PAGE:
The class chose to measure the capability of their process against the maximum national average waste per meal calculated earlier (4.78 ounces). They ran a capability study in Minitab (Stat > Quality Tools > Capability Analysis), and viewed all aspects of the analysis on one chart with the Capability SixpackTM. The study confirmed that Rose-Hulman had above-average food waste per person during lunch:
For each process input from the group’s current-state process map, they constructed a C&E Matrix, with outputs based on those already listed in the CT Tree. The C&E Matrix helped the students to determine likely relationships between process inputs and outputs, and conducting an FMEA gave them another tool to identify and prioritize the severity of potential causes of waste.
Now the project entered the “improve” phase. The students formed a list of recommended actions based on the variables they could control and the short time frame they had to complete the project. These actions focused on educating students about food waste using posters, demonstrations, and seminars at the dining center during lunch hours. They also suggested that dining room staff provide students with smaller serving utensils for condiments, pre-dish more foods, and limit how many glasses and bowls of food or drink students could take per tray.
Finding a ‘Statistically Significant’ Difference in Waste Amounts
After the awareness campaign, the class performed a second food waste audit to determine the post-improvement process capability. They were able to show that the process was still capable with respect to the national average, and after providing students with food waste education, they found the process capability had improved over the capability analysis conducted before the education intervention.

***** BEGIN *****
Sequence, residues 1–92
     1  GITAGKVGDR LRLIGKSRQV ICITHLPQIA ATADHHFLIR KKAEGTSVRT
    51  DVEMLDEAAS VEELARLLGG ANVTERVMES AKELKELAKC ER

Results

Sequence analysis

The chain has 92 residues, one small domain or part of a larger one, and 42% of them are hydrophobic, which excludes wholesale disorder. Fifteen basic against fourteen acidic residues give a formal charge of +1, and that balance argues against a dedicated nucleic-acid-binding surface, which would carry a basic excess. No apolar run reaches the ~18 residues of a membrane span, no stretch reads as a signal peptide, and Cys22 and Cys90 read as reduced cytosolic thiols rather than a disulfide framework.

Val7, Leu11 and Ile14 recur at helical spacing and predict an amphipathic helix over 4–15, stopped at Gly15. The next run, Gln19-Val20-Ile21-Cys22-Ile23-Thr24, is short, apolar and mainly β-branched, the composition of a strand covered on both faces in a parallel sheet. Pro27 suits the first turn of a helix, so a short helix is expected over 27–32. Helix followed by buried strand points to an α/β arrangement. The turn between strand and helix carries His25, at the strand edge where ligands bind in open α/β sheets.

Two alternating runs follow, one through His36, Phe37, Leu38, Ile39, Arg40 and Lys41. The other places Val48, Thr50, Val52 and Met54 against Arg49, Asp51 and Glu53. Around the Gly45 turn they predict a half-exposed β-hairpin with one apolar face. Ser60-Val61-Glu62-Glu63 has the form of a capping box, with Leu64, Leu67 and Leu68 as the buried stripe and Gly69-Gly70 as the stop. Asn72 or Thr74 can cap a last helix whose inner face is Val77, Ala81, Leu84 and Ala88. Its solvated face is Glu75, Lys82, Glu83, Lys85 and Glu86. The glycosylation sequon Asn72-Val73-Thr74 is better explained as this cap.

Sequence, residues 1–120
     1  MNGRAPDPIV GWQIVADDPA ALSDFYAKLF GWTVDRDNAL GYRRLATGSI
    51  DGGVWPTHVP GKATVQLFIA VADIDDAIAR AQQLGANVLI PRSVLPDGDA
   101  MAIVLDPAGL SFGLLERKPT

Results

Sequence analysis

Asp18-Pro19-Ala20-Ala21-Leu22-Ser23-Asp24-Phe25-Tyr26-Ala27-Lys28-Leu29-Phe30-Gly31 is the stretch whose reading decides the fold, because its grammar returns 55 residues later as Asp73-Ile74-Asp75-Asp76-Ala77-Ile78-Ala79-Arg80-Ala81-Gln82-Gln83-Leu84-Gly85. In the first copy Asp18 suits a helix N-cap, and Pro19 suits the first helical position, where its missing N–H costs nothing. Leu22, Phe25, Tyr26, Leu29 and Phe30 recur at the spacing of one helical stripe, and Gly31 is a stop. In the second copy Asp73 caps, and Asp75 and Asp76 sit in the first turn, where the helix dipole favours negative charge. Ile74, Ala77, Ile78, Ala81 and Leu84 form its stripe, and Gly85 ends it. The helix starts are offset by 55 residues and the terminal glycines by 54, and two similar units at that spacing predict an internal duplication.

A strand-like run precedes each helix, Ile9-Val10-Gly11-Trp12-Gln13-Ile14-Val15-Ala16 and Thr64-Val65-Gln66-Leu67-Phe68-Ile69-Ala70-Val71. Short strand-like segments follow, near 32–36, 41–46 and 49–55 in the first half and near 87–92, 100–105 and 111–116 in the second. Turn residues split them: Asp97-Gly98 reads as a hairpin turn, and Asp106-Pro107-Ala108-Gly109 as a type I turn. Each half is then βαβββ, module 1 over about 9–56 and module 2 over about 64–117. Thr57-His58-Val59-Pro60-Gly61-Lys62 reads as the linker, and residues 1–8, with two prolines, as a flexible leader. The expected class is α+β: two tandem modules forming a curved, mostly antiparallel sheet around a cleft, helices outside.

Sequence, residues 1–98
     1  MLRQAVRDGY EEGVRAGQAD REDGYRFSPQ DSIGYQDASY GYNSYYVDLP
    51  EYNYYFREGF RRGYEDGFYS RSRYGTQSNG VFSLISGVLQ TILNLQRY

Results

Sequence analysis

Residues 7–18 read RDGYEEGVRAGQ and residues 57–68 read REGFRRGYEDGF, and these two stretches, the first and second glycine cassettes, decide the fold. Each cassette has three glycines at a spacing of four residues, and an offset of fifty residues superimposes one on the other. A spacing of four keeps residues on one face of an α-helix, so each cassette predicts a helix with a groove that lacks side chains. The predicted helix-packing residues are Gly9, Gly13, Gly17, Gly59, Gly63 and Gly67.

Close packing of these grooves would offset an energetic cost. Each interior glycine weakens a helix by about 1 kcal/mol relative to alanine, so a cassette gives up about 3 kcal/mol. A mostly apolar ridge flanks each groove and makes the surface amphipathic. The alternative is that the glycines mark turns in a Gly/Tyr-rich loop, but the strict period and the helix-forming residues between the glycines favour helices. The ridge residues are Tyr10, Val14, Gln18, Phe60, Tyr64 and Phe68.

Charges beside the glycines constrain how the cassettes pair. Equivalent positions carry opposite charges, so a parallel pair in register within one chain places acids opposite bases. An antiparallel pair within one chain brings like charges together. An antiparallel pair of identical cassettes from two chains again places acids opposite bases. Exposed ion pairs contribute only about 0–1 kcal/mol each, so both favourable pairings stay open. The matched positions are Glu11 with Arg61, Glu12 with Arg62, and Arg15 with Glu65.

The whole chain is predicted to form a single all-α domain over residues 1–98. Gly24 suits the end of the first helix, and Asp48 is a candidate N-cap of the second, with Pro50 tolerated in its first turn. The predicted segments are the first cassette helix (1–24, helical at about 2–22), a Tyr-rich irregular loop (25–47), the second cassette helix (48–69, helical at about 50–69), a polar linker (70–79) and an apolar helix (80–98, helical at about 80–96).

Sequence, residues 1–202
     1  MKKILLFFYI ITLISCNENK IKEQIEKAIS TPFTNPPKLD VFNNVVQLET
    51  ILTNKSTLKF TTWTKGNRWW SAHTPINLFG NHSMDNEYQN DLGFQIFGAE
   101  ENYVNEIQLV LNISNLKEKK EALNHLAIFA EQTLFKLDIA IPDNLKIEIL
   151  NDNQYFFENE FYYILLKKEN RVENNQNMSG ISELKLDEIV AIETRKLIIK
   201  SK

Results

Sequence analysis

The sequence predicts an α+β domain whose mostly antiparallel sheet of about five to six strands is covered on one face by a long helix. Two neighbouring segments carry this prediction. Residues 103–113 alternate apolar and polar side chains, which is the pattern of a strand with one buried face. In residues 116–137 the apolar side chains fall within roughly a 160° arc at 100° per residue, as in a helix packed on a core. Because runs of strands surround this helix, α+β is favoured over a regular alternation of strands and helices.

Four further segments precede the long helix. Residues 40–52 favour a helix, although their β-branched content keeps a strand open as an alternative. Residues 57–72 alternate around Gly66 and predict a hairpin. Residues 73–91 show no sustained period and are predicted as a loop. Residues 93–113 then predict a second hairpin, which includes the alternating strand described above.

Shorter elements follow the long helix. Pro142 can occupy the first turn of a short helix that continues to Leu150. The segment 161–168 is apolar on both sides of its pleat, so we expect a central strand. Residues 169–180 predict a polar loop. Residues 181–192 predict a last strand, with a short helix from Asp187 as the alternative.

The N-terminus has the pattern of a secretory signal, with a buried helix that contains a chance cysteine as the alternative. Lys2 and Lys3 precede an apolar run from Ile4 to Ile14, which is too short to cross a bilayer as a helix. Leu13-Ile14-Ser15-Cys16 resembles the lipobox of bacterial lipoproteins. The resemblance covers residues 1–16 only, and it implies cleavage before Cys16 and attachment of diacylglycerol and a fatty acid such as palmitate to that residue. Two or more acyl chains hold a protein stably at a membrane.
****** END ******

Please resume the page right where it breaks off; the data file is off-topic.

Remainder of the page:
The students used box plots (Graph > Boxplot) to compare food waste amounts before and after the educational campaign:
Further analysis of food waste data collected before and after the campaign revealed a statistically significant difference in waste amounts. The class’s data found an average reduction of 2.66 ounces of waste per person/meal (or 0.166 pounds per person/meal) after the campaign. Because the dining center typically serves about 875 students per day during lunch, the class estimated that the center could see a waste reduction of approximately 2,327.5 ounces, or 145.4 pounds during a single lunch period. Over the 50 lunch periods in a typical quarter at Rose-Hulman, a total of 7,270 pounds of food waste could be saved. And since food waste costs the dining center$1.60 per pound ($0.10 per ounce) on average, the class calculated a savings of $471.20 during just the two days they held the food waste campaign and collected data. If the campaign were run over an entire quarter, they estimated total savings of $11,781!
Although the improvement efforts were short-term, both Evans and her class were proud to pass on their findings to Rose-Hulman’s administrators. “The administration is proud as well, and they are showcasing the results,” says Evans. “They see the value, and they’re encouraging follow-up projects from the Six Sigma students.”